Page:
By Alex McCoy, Contributing Writer, Owner of Fit Travel Life
In the course of my five years working as a nurse, all but thirteen weeks have been spent in pediatrics. Pediatric nursing is not for everyone, but I cannot imagine working with any other patient population.
While there are some differences in travel versus perm positions that may apply to all specialties, I am going to focus on my favorite specialty this week. I have been fortunate enough to work in a variety of hospitals and units–from a 7-bed pediatric unit in a rural hospital to a children’s hospital system that boasts multiple campuses and level one trauma designation.
All of these experiences have helped me learn more about the ins and outs of being a pediatric nurse, and the pros and cons of each setting. Here are my takeaways about working in pediatrics both as a staff nurse and a traveler.
1. Staff nurses have more opportunity to specialize
Within pediatrics, there are a variety of specialties, similar to adult nursing. I have worked on hematology and oncology floors, liver and kidney transplant units, and floors that are a sort of “catch-all” of different specialties.
Some hospitals are more restrictive about which types of patients travelers can take. For example, one facility did not allow travelers to administer chemotherapy. Another would not allow travelers to take fresh spinal fusions. Even if you are eager to learn the unit may not have time to adequately train you into a new area or may have policies restricting you from taking the higher acuity patients. While this can feel limiting, try not to take it to heart and remember you are still there to take the best care of your patients no matter the diagnosis or complexity.
2. Pediatric travelers may find inconsistency between policies
One of the unique aspects of pediatrics is how precise some of our practices can be. Medication dosages and blood transfusion volumes are just two things that come to mind.
Because we are so precise, there may be a variety of policies governing safety checks related to medications or other procedures. Even more confusing is that a lot of these policies will vary from facility to facility.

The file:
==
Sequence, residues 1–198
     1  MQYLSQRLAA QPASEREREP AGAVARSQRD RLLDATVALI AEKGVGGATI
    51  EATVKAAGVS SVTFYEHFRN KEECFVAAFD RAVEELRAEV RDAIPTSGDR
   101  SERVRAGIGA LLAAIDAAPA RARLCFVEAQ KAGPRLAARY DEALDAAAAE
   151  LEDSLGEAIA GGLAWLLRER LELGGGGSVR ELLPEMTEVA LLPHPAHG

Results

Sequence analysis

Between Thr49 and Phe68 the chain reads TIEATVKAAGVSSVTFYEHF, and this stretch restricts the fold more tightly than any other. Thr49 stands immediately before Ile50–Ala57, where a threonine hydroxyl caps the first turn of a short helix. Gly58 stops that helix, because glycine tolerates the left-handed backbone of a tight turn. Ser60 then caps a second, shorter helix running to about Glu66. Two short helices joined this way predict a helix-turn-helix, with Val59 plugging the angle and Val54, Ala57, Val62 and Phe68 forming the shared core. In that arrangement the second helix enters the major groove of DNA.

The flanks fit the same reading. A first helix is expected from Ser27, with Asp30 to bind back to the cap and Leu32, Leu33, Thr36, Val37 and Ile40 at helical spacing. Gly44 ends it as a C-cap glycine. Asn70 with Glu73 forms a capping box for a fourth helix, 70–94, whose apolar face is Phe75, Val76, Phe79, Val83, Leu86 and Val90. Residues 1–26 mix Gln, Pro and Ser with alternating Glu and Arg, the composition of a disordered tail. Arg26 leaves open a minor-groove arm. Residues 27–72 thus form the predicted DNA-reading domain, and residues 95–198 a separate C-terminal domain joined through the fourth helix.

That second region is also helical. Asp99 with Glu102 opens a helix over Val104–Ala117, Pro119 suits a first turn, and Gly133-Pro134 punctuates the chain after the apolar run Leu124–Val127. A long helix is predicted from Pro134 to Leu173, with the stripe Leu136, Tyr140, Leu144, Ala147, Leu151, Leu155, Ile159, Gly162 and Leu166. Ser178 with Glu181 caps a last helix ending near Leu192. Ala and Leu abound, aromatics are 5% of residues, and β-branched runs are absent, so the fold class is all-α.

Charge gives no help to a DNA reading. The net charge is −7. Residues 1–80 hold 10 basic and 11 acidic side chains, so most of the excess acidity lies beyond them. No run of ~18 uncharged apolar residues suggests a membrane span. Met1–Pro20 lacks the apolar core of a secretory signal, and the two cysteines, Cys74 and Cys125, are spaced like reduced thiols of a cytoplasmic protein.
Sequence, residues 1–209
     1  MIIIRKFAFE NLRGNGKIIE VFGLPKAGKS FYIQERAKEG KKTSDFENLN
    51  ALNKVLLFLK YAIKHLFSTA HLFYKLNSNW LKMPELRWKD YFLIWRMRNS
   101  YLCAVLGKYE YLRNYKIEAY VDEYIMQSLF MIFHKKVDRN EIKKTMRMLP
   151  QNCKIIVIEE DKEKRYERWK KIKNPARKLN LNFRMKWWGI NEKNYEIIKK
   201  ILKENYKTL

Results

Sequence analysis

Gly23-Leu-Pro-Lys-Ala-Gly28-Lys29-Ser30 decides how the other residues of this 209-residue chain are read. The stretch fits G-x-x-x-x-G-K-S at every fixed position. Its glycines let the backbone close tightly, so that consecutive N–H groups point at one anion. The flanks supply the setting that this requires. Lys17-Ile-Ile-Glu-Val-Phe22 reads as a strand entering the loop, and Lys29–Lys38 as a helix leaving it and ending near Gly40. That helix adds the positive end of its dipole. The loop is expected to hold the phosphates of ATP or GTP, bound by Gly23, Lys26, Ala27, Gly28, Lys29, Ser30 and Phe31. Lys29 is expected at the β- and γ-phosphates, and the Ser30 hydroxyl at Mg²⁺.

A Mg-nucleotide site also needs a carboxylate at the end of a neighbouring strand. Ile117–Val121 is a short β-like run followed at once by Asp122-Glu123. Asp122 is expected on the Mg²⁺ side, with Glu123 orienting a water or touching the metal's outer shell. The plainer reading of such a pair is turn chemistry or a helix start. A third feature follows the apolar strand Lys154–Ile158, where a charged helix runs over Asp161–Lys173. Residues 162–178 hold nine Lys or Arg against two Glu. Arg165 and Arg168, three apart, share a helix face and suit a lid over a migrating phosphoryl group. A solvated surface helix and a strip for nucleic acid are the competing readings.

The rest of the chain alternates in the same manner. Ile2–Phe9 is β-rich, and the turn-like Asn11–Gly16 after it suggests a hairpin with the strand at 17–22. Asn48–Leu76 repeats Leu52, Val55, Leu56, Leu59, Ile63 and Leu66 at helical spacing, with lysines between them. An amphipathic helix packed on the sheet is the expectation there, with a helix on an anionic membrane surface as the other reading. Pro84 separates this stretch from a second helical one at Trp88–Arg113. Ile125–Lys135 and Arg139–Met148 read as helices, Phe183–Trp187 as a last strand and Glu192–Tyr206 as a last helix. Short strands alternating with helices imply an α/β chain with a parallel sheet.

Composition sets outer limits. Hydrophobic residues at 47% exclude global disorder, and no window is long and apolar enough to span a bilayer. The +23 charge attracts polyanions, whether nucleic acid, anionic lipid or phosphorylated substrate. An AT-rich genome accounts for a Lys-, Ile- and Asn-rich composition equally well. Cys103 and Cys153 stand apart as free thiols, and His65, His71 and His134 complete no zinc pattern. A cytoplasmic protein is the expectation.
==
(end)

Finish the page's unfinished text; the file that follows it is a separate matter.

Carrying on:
The best practice I have found is to be respectful of the policies and procedures your particular facility uses. Unless you are concerned about the safety of the patient, it is best to comply with the rules of that particular organization. In the event that no policy exists, I use my best nursing judgment. This is a great example of why a solid background in your specialty is a necessity before you hit the road as a traveler.
3. Pediatric travelers may have to care for adult patients in some form or another
While you should not expect to be the primary nurse for adult patients unless that was specified ahead of time, pediatric travelers may be asked to float to adult units to act as extra hands or as 1- on-1 sitter.
If I know I interviewing for a pediatric job within an adult hospital, I make sure to ask if this will be a possibility in my interview. Each nurse may have a different level of comfort with this job requirement, so it is better to know the expectations ahead of time.
4. Full-time pediatric staff may have more opportunities to cross-train
Before I started traveling I worked on a general pediatric unit. As I became more experienced I was offered opportunities to cross-train to both NICU and PICU. Eventually, they also offered to cross-train to postpartum and nursery. I enjoyed these opportunities to explore other specialties, especially in case I ever decided to switch my primary job.
As a traveler, I have found most places are less likely to offer these opportunities. For one, if you are hired as a traveler, chances are the unit you are working on will be needing you the majority of the time. For another, most hospitals do not want to spare extra orientation days to an already short contract. Even if you are eager to help, these limitations may decrease your chances of working in areas outside of your specific hired unit.
5. While some of these differences are subtle, they are good things to consider when looking for a travel assignment
I can’t say specifically whether these points are more pros or cons of staff versus travel jobs as a pediatric nurse. Each individual will have different opinions on what their preferred work setting or opportunities will be.
Personally, I see all of the above as another set of considerations to weigh when deciding if travel nursing is the right career path for you. In addition, these points will help you decide if a specific job is the right fit. While pediatrics isn’t the highest paying or most talked-about travel specialty, it is still important for us peds travelers to know the caveats that come along with our unique specialty.
Alex McCoy currently works as a pediatric travel nurse. She has a passion for health and fitness, which led her to start Fit Travel Life in 2016. She travels with her husband, their cat, Autumn and their dog, Summer. She enjoys hiking, lifting weights, and trying the best local coffee and wine.
- Agency Reviews
- Ask The Expert
- Continuing Education
- EMR Conversions
- First-Time Traveler
- For A Laugh
- Healthcare Roundup
- Hot Markets
- Industry Trends
- Market Data
- Nurse Contributor
- Take A Break
- Top 10
- Traveler Tips
- Weekly Polls
- Your Photos
- Your Stories